Dear Democracy Now! Visitor: We are an independent, ad-free daily news program that serves millions of viewers and listeners each month. In this US election year, Democracy Now! is more important than ever. For 20 years, we’ve put a spotlight on corporate and government abuses of power. We lift up the stories of ordinary people working to make change in extraordinary times. We do all of this with just a fraction of the budget and staff of a commercial news show. We do it without ads, corporate sponsorship or government funding. How is this possible? Only with your support. A generous funder will match your donation dollar for dollar if you donate right now. That means when you give $10, your donation will be worth $20. Pretty exciting, right? So, if you've been waiting to make your contribution to Democracy Now!, today is your day. It takes just a couple of minutes to make sure that Democracy Now! is there for you every day.

Your Donation: $

Cipro: The Battle Over Bayer

October 23, 2001
Story
WATCH FULL SHOW

Today we’re going to look at the pharmaceutical giant Bayer, the maker of Cipro.

Bayer has long been a controversial company, beginning with its roots in the German company IG Farben, which workedhand in hand with the Nazis.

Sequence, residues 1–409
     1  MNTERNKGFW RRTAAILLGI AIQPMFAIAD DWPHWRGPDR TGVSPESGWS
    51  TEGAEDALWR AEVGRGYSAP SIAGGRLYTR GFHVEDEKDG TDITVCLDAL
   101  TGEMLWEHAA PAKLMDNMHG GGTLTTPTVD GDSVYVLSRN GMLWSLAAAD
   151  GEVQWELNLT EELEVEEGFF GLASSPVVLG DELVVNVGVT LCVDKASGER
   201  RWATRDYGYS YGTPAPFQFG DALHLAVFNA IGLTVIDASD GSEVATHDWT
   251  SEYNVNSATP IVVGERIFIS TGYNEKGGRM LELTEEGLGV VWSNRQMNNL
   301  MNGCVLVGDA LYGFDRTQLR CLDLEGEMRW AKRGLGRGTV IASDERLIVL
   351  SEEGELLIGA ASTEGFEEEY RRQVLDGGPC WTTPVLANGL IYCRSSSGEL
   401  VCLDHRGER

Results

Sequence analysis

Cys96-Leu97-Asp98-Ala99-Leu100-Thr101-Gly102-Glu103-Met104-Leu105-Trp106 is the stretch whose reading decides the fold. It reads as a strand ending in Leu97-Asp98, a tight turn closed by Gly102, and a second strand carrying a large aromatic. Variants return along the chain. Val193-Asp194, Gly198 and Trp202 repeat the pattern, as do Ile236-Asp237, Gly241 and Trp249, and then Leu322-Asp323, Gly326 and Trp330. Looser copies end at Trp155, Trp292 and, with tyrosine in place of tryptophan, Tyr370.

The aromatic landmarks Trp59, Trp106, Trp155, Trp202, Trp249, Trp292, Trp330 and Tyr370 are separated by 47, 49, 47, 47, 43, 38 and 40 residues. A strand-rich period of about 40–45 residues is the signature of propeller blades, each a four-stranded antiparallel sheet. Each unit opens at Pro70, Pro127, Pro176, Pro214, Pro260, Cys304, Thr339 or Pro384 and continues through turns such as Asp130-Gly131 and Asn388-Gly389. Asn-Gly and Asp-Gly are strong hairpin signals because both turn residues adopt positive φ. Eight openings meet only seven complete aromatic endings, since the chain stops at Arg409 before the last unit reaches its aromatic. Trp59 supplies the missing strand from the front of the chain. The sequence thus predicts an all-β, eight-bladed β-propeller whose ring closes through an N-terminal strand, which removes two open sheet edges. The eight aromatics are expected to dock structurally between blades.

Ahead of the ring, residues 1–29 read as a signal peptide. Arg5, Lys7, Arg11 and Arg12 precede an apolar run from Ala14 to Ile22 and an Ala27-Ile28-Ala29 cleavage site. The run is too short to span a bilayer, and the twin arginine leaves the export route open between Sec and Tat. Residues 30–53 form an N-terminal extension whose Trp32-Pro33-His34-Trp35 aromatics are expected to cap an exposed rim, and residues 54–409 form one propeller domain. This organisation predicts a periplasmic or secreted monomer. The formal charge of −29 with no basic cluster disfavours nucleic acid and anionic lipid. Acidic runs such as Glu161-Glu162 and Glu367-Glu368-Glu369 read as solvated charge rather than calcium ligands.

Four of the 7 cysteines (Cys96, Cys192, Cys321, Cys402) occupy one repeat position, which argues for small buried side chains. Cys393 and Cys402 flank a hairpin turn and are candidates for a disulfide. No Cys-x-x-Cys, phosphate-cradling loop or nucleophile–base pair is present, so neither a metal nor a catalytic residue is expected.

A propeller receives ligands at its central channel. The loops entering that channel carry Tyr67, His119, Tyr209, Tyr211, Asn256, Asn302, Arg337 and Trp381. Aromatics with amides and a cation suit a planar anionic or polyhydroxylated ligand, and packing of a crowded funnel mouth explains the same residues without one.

It has been sued by holocaust survivors for its role in forced labor, medical experiments and other crimes.

Its been sued by people with Hemophilia who contracted AIDS though tainted blood transfusions.

And it has been targeted by AIDS activists around the world for fighting against cheap AIDS drugs for poorercountries.

Cipro, the antibiotic that many say can help treat anthrax, is ten times as expensive as generic equivalents. That’swhat made Senator Charles Schumer call for the Bush Administration to break Bayer’s patent and produce genericequivalents of the drug.

The Bayer/Cipro controversy is a microcosm of the global conflict between public health and private profit, betweenthe needs of poor countries for cheap medicines and the desire of rich corporations to preserve their patents. Its aconflict that will come to head in a little over a week when the WTO hold’s a major ministerial meeting in Qatar,where poor countries will press the US to relax drug patents on life saving medicines.

Guests:

  • Sharon Anne Lynch, Health Gap global access project and ACT-UP New York.
  • James Love, Consumer Project on Technology.
  • Philipp Mimkes, Coordination Against BAYER-Dangers (CBG).

Related links:


The original content of this program is licensed under a Creative Commons Attribution-Noncommercial-No Derivative Works 3.0 United States License. Please attribute legal copies of this work to democracynow.org. Some of the work(s) that this program incorporates, however, may be separately licensed. For further information or additional permissions, contact us.